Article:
The political era one is living through always feels messy and fragmented from the inside. But looking back from the future, the first two decades of the 21st century will come to be seen as the moment when the politics of culture and identity rose to challenge the previous politics of leftand right. David Goodhart's searing analysis considers this shift through his novel paradigm of the "nowhere" class and the "somewhere" class.Members of the "Nowhere" class dominate our culture and society. They tend to do well at school, then usually move from home to a boarding university in their late teens and on to a career in the professions that might take them to a capital city or even abroad for a year or two. Such people haveportable "achieved' identities, based on educational and career success, which makes them generally comfortable with new places and people. The"Somewhere" people are by definition more rooted and have ascribed identities based on group belonging and particular places, which is why they often find rapid change disturbing. One core group of Somewheres are often "left behind" - mainly older white working class men with little education.They have lost economically with the decline of well paid jobs for people with little education and culturally, too, with the disappearance of a distinctive working-class culture and the marginalization of their social conservatism in the public conversation. However Somewhere ambivalence aboutrecent social trends spreads far beyond this core group and is shared by many in all social classes.The broad ideology of Nowhere people can be characterized as "progressive individualism." By contrast, the Somewheres are more socially conservative by instinct. This book will contend that the Nowhere people have counted for too much in the past generation and populist parties, such as the TeaParty, have emerged in part as a democratic counter-balance to that dominance. In a democracy the Somewheres cannot, however, be ignored.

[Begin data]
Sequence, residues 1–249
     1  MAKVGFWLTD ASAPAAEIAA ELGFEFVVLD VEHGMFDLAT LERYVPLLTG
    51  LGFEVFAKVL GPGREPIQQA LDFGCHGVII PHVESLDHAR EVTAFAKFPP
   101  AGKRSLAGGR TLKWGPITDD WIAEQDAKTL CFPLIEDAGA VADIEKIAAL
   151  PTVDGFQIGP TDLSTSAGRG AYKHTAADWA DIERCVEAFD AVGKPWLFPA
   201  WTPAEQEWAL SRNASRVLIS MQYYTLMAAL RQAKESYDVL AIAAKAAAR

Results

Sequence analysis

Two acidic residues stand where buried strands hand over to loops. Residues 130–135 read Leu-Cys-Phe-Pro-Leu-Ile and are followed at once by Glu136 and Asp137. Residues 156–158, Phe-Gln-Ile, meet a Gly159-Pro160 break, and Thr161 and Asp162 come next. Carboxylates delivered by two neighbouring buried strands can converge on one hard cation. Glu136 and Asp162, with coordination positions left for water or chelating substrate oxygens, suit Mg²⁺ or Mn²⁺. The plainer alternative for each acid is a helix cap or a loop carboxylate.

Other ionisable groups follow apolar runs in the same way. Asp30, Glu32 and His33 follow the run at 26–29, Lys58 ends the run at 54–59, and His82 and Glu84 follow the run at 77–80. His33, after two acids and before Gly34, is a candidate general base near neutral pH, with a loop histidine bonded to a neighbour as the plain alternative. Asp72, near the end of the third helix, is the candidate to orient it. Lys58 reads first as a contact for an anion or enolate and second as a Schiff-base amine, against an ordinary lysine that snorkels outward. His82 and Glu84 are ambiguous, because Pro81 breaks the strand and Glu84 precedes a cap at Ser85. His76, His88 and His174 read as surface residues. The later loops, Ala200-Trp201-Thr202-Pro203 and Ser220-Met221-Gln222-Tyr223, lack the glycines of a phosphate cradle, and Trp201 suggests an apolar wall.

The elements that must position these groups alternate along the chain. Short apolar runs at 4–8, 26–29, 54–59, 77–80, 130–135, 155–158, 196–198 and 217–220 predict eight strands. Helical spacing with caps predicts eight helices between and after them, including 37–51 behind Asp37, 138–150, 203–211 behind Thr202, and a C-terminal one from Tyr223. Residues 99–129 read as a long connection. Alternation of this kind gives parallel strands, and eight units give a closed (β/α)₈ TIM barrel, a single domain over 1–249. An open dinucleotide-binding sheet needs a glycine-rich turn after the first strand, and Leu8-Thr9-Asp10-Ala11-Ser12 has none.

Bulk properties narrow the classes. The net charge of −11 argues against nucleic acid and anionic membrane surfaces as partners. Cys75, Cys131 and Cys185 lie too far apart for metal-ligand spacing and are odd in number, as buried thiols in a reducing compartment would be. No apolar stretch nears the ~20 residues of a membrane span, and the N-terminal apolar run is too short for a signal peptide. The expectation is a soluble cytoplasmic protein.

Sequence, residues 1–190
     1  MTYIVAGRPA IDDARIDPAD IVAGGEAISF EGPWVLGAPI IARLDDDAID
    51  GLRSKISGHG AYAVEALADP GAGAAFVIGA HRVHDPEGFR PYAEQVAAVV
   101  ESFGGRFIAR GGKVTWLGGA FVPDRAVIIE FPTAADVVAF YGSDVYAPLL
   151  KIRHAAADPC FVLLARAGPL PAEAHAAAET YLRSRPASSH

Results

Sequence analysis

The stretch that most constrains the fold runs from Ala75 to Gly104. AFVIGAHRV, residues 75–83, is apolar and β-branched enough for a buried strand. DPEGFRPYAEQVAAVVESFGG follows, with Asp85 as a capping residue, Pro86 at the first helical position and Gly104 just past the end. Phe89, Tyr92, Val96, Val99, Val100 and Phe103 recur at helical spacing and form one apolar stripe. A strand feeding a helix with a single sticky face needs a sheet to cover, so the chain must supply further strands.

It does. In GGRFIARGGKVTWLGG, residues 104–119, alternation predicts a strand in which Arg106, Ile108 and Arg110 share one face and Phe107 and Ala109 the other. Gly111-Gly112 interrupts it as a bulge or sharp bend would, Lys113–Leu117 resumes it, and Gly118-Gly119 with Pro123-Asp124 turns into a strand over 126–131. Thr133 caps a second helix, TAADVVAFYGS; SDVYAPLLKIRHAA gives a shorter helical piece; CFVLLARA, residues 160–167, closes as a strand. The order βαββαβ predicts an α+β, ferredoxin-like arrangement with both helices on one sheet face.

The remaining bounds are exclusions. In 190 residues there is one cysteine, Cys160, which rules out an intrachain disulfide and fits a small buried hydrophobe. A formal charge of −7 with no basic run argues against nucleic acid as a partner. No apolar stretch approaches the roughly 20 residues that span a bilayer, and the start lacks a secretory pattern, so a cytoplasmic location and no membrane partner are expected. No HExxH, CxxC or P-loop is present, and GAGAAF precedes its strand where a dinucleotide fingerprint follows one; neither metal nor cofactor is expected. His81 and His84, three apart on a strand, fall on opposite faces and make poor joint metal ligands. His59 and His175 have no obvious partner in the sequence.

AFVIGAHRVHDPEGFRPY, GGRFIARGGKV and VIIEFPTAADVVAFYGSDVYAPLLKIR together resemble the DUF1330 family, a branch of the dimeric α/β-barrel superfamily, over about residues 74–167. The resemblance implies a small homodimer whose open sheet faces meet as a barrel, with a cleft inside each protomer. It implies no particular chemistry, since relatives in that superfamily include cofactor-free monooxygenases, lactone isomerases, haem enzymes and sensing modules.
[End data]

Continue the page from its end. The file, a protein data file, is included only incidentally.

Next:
A crucial new guide to one of the most important and most dangerous phenomena of our time: the rise of populism in the West Across the West, there is a rising tide of people who feel excluded, alienated from mainstream politics, and increasingly hostile towards minorities, immigrants and neo-liberal economics. Many of these voters are turning to national populist movements, which pose the most serious threat to the Western liberal democratic system, and its values, since the Second World War. From the United States to France, Austria to the UK, the national populist challenge to mainstream politics is all around us. But what is behind this exclusionary turn? Who supports these movements and why? What does their rise tell us about the health of liberal democratic politics in the West? And what, if anything, should we do to respond to these challenges? Written by two of the foremost experts on fascism and the rise of the populist right, National Populism is a lucid and deeply-researched guide to the radical transformations of today's political landscape, revealing why liberal democracies across the West are being challenged-and what those who support them can do to help stem the tide.